Villagers close the door on cold call traders

Villagers have shut the door on unwanted visitors by introducing a no cold caller zone.

Thursday, 8th September 2016, 10:00 am
Updated Monday, 12th September 2016, 5:36 pm
Julia Smith, second right, with Terry Neal and PCSOs Leanne Dobinson and Naomi Biggin
Julia Smith, second right, with Terry Neal and PCSOs Leanne Dobinson and Naomi Biggin

Uninvited traders who disturb householders in Unstone are at risk of being reported to police.

The zone, which is the first of its kind in the Dronfield area, covers 90 homes in Cheetham Avenue, Sylvia Road, Alice Way, Robert Close and a small cul de sac on Sheffield Road.

Signs urging cold-calling traders to stay away have been erected on street lights in a joint campaign by villagers, police and Derbyshire County Council.

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David Black, who spearheaded the move, joined forces with Julia Smith, the community’s Neighbourhood Watch co-ordinator, to canvass householders. The responses showed that 97 per cent were in favour of creating a no cold caller zone.

No cold calling zones are designed to deter unsolicited callers from going door to door, which in turn can help to reduce the risk of a resident becoming the victim of crime.

Police Community Support Officers Leanne Dobinson and Naomi Biggin helped to drive the Unstone initiative forward by raising awareness of its aims and putting the artwork for the signs in the hands of designers

Leanne said: “I think the scheme is brilliant. We are hoping that these signs will be a deterrent for cold callers coming into the area. Not everyone is fortunate to have neighbours to look out for them, to have that close-knit community engagement.

“We’ve had increased calls for our service in Unstone and Dronfield. Over the last four months we’ve seen a bit of a rise in cold callers. It’s quite an affluent area and it is mainly elderly residents who get targeted - they are seen as being more vulnerable and more susceptible.”

Naomi added: “The main thing is cold-calling rogue traders. People have turned up unannounced offering to work on the roof which started as the nights got longer.”

David and his wife have lived in Sylvia Road for three years. He said: “We have door to door people selling wares, double glazing, driveway cleaning, garden maintenance, casual labourers, religious bodies and charities to name a few.

“Over the years the charity sellers have become quite aggressive and are kings of the “we don’t want money now, just sign a direct debit tactic’.

“Whilst my wife and I are hardened Brummies, I was aware that there are senior citizens in the area that may not be so confident to deal with these callers.

“I also saw Neighbourhood Watch Group bulletins’ cases of doorstep crime costing people their life savings and wanted to do something to make sure that could not happen to my friends and neighbours here.”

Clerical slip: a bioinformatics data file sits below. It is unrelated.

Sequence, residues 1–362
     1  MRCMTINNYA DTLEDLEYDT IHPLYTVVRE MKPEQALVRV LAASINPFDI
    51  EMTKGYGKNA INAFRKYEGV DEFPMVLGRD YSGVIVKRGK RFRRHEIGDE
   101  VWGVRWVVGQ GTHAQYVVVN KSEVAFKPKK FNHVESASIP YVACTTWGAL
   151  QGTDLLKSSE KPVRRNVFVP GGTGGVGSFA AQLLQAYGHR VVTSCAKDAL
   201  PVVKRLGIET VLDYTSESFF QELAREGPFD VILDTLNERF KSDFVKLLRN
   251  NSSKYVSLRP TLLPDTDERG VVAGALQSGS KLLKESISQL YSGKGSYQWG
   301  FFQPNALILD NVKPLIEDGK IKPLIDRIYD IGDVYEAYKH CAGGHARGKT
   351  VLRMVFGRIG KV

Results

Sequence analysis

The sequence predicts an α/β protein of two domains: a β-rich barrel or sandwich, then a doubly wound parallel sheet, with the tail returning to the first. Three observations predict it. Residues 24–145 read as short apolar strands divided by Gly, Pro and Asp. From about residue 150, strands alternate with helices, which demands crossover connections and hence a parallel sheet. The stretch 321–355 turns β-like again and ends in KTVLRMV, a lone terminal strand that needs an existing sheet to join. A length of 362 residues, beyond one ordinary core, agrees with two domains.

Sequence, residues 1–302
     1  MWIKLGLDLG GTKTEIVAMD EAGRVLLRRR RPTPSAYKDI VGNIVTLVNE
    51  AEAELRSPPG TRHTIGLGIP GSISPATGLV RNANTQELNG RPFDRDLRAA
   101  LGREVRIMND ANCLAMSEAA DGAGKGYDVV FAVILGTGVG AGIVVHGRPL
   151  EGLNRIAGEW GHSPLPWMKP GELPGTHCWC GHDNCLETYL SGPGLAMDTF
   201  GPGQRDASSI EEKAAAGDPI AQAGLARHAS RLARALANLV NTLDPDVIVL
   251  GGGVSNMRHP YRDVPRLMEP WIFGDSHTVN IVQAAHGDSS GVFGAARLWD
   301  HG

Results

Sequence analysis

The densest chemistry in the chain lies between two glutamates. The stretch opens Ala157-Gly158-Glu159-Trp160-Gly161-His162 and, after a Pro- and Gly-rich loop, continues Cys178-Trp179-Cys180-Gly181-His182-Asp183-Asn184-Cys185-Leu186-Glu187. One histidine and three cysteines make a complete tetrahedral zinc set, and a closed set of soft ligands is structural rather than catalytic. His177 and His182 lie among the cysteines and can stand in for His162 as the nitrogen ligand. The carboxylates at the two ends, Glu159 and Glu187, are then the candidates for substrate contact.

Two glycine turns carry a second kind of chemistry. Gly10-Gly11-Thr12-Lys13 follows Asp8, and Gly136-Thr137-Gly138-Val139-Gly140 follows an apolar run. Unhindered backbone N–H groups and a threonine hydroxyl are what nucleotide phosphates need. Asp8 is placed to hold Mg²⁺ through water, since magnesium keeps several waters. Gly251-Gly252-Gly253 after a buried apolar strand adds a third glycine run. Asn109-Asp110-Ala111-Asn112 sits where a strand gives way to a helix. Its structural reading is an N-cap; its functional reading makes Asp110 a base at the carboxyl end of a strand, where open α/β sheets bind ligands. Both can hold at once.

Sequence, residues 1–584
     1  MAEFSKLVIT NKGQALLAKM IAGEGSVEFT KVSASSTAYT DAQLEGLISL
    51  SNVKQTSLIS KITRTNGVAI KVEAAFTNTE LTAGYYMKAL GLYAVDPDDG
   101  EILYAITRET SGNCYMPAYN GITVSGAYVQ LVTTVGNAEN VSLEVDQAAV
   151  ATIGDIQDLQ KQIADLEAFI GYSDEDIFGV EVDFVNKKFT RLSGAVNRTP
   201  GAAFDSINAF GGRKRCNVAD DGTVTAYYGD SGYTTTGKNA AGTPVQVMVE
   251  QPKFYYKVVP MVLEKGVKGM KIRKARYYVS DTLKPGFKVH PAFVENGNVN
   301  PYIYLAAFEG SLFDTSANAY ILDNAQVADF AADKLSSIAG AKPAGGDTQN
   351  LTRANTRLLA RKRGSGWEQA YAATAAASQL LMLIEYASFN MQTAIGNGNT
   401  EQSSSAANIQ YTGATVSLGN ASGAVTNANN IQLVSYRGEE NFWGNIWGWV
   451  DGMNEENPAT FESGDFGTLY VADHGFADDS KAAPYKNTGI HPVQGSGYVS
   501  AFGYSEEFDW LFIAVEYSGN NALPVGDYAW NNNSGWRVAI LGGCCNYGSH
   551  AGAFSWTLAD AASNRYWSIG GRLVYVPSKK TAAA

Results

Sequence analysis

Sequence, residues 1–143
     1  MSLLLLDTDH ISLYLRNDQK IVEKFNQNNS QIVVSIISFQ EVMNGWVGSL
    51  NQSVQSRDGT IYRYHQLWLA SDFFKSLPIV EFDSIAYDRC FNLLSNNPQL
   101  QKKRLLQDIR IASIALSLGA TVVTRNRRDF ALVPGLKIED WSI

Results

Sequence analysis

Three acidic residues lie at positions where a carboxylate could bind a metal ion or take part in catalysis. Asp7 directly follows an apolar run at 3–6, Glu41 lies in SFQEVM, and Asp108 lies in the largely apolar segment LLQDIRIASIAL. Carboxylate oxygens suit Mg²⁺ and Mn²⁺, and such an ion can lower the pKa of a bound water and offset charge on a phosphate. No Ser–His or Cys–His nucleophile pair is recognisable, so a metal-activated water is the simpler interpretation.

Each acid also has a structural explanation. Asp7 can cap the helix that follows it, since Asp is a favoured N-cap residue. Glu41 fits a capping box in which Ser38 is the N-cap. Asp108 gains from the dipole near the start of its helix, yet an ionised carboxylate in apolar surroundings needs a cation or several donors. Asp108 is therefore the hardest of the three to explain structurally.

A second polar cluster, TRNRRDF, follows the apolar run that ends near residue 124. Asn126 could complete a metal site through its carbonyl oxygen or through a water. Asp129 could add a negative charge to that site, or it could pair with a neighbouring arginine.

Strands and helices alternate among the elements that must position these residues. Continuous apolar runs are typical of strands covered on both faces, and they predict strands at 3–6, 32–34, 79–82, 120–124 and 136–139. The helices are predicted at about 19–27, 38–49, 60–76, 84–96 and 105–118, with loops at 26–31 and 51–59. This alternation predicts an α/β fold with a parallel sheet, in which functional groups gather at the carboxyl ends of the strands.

Julia Smith, who co-ordinates Cheetham Avenue Neighbourhood Watch, said: “David has spearheaded and championed the no cold caller zone and I’ve been very happy to support him in this. I’m so proud of him and I’m thrilled with the outcome.

“We’ve had no end of double glazing callers. Three or four of them come in a car and they move up and down the street.

“The worst incident which made me really concerned about the elderly was when charity representatives knocked on the door in the winter when it was dark with the proposed direct debit form in hand.”

Terry Neal, 76, who lives with his disabled wife across the road from Julia on Cheetham Avenue, said: “There was an incident three or four years ago which made me very suspicious and alarm bells started ringing. It was just the manner in which they presented themselves - they didn’t come over as nice people. I dialled 101 and someone came out from the police and said the callers were kosher and who they said they were.

“If I see a car in the street which I don’t recognise, I will come across to Julia and ask her if she’s seen it and does she know anything about it. We all look out for each other.”

In addition to the signs, information packs have been distributed to householders which includes details about the county council’s Trusted Trader Scheme.

David said: ”I’m delighted it’s all come together so well, and I’m really impressed at how the police, Trading Standards and Derbyshire County Council collaborated and gave their support. It goes to show what a can-do attitude and plenty of community spirit can accomplish.”

lA new Neighbourhood Watch initiative is to be launched which will cover Dronfield, Dronfield Woodhouse, Unstone, Holmesfield and Barlow.

The aim is to attract new people to set up groups which can look out for signs of crime in their community and share information with each other and the police.

Information about the scheme will be available at the launch in Dronfield Civic Hall on Wednesday, September 21 at 7pm.